Abuse survivor: Why I won't seek reparations from Syracuse diocese (Commentary)
By Kevin Braney
February 20, 2018
|Kevin Braney pictured June 2, 2014, in the backyard of the home he grew up in, on Stanwood Lane, Manlius.|
Photo by Michael Greenlar
I recently reviewed the Independent Reconciliation and Compensation Commission procedures posted on the website for the Syracuse Catholic Diocese. I myself, as a survivor of priest sexual abuse, received a letter Feb. 17 that states I "may" qualify to submit a claim.
I commend Bishop Robert Cunningham for opening a path forward, as imperfect as it is, to aid survivors' healing. The commission will serve as a valuable tool to provide much needed relief for some.
Based upon my initial review, it appears this commission will not be part of my path forward. I will press onward in hopes the New York Child Victims Act passes. My analysis of the commission's protocols leads me to the below questions and concerns:
First, why do the protocols require me to relitigate my claim against Charles Eckermann? The Vatican already defrocked Eckermann. It took from September 2013 until April 2014, countless phone calls, meetings with investigators, written statements, oral statements, to ensure Eckermann no longer had access to children in his priestly role. Why is the previous investigation now insufficient?
The continued assertion that all priests who have raped children have been removed is false. Until all pedophile priests are in jail, children are at risk. Here are just two examples:
* On Nov. 3, 2016, I wrote Bishop Cunningham and provided the name of a priest who abducted and then raped a developmentally disabled person in 1997. In a July 9, 1998 letter, the New York state Commission on Quality of Care for the Mentally Disabled substantiated this allegation upon completion of its own investigation. The police report is sealed. As recently as 2016, he was an active parish priest, and as of last month participated in Mass with Bishop Cunningham.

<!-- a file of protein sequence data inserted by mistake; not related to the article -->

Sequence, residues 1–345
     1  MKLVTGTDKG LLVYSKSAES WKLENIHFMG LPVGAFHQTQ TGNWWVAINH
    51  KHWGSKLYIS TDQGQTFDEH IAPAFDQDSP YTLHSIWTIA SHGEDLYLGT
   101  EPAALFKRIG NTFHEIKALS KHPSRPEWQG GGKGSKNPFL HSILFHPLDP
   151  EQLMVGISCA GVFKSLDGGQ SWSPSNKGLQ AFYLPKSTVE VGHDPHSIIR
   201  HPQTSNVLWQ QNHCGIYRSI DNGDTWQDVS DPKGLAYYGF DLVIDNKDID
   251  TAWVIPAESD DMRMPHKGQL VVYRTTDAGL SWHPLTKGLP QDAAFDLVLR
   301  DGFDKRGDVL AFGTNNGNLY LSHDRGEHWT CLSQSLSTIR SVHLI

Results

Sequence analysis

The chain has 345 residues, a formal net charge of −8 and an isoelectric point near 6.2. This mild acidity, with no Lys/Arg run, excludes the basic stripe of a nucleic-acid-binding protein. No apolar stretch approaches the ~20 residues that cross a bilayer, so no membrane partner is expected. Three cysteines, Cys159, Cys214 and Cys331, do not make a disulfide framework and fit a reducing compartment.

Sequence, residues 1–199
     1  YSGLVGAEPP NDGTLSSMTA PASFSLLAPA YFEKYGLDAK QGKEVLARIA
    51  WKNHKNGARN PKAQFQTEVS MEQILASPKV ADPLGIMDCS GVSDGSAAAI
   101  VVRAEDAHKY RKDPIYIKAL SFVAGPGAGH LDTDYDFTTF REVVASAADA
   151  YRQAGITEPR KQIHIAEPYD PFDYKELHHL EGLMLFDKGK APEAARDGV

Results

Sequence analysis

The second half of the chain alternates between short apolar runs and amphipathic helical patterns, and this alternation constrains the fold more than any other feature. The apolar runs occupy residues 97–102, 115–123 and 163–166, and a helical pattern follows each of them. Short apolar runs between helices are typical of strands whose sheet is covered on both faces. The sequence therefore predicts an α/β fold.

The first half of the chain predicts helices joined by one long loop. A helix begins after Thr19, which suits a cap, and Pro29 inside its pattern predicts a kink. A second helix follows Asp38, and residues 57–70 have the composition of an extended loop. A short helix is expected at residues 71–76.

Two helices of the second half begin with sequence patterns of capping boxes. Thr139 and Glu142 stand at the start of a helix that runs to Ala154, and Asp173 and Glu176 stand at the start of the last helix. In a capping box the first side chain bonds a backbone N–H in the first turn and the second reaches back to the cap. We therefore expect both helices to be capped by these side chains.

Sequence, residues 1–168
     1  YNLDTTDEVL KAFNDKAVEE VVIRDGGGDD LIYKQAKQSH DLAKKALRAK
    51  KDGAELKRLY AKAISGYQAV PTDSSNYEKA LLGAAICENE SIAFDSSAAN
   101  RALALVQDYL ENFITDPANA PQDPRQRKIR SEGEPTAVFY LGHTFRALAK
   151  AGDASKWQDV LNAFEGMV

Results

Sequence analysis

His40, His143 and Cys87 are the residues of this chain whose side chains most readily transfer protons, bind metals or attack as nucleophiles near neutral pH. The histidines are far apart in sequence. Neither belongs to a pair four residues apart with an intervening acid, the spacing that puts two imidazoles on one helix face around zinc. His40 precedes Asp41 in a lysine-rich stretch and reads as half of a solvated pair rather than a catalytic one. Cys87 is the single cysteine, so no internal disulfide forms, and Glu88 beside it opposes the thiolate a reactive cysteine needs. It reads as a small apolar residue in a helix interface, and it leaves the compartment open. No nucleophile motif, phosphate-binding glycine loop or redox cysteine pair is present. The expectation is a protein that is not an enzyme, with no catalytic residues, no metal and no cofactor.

* In April 2015, my attorneys provided the Syracuse District Attorney's Office with a written statement naming an associate pastor at St. Ann's Church, in Manlius, who sexually abused me with Eckermann. No action was taken on this report until December 2016, when I reached out seeking information. So much for the much-celebrated memorandum of understanding between the seven district attorneys and the bishop. Two witnesses were never interviewed. Most egregiously, I was never interviewed by anyone in the DA's office, as publicly stated. How does the DA's office assess the credibility of a victim without interviewing the victim? Further, I was not interviewed by the church until after the local media reported that he had been cleared of all allegations.
What has changed to bring forward the desire for reconciliation? The only thing that has changed is, after years and years of paying lobbyists to deprive victims of justice and hiding the truth, the church sees the writing on the wall and now they are trying to settle these claims for pennies on the dollar and gather information about the true scope of their liability.
The horrors of the sexual abuse scandal in the Syracuse Diocese must be exposed, as do the names of the 11 pedophile priests Bishop Cunningham is refusing to make public; not just for the healing of the Catholic community, but for the safety of all Syracuse residents.